This Company in the 'Breakup Industry' Gears Up for Valentine's Day

NEW YORK ( TheStreet) -- Valentine's Day may be a time to express love and devotion to your significant other, but it's also a time for breakups.

According to a 2011 survey by Avvo.com, a free ratings and profile service for attorneys and doctors in the U.S., the number of Americans seeking divorce lawyers and divorce-related information "skyrockets" around Valentine's Day.

The reasons could be several: people delaying divorce until after the holidays, waiting for bonuses to come in or even seeing if a relationship can be reconciled based on what's planned for Valentine's Day, the survey found.

Six years ago, Josh Opperman saw an opportunity in the "break-up" industry after experiencing his own broken engagement.

Opperman, now 35, was looking to get reimbursed for the more than $10,000 he shelled out for an engagement ring, only to find that most places were only willing to give him a fraction (in some cases just 35%) of what he paid, he says. Opperman decided to create the marketplace so that others wouldn't have to go through what he did.

He launched I Do ... Now I Don't in February 2007.

The site has become a popular place for sellers to get rid of unwanted jewelry at better prices than in the retail market, and for buyers, especially in this cost-conscious economy, to potentially get an engagement ring of their dreams for less than the retail cost.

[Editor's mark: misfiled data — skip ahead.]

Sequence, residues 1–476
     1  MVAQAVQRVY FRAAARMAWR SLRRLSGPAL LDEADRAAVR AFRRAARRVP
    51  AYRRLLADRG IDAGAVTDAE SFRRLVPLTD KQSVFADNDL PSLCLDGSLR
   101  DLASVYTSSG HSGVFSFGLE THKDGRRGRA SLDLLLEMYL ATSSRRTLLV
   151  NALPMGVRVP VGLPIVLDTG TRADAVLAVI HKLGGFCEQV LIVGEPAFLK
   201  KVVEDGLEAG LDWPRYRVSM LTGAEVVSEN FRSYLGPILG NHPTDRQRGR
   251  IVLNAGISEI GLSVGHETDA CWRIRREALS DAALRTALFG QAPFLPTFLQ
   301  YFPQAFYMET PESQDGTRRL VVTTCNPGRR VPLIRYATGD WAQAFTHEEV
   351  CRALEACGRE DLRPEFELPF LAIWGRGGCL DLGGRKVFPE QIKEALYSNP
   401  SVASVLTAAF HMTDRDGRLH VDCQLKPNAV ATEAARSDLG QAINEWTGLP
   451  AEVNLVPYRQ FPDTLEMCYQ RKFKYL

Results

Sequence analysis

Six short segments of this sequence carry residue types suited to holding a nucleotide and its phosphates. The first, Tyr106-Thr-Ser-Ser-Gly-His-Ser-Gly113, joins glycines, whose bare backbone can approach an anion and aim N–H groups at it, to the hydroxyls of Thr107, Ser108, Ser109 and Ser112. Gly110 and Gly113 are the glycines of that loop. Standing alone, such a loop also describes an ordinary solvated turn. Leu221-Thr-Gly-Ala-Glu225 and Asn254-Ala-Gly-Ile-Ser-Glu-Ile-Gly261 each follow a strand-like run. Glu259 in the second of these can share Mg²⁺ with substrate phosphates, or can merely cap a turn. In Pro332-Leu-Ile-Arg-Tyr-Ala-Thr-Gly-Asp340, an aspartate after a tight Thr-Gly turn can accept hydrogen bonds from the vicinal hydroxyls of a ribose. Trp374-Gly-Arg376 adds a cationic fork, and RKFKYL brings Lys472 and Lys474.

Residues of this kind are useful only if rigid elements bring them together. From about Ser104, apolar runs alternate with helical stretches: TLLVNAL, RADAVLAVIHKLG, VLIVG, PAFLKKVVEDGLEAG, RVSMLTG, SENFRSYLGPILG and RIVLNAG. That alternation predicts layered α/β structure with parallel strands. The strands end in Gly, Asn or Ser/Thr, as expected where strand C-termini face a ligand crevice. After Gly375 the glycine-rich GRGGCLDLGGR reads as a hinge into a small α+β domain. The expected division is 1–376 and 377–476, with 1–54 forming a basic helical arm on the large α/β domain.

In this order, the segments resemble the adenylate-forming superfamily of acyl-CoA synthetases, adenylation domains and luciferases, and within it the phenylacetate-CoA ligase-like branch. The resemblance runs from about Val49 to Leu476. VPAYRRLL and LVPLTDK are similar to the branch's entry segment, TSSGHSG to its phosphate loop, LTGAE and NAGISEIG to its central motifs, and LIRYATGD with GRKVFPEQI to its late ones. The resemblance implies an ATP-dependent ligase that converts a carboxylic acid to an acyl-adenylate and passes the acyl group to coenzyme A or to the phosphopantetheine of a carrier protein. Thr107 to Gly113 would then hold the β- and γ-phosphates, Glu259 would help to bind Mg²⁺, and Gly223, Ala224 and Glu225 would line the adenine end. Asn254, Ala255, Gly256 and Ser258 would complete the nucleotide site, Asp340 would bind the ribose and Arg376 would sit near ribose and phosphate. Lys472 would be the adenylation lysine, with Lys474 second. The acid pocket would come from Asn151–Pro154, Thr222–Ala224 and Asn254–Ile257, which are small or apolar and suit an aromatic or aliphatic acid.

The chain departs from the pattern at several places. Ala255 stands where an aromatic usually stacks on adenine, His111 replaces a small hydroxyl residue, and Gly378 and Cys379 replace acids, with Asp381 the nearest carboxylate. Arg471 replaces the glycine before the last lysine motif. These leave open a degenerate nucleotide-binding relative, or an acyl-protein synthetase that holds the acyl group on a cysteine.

Last year, about $2.5 million worth of items were sold through the site, according to Opperman.

So far the most expensive was a $75,000 engagement ring, he says.

The idea takes the pawn and consignment industries to a whole new level. It also threatens the $30 billion retail jewelry market, which has been struggling since the recession, according to IBISWorld.

"Price-conscious consumers have found new ways to get deals on jewelry," as the December report says. "Department stores, warehouse retailers and online outlets threaten traditional jewelry retailers by offering consumers a low-priced one-stop shop for their jewelry needs. When consumers shop at these stores more often than traditional jewelry stores, industry revenue will decline."

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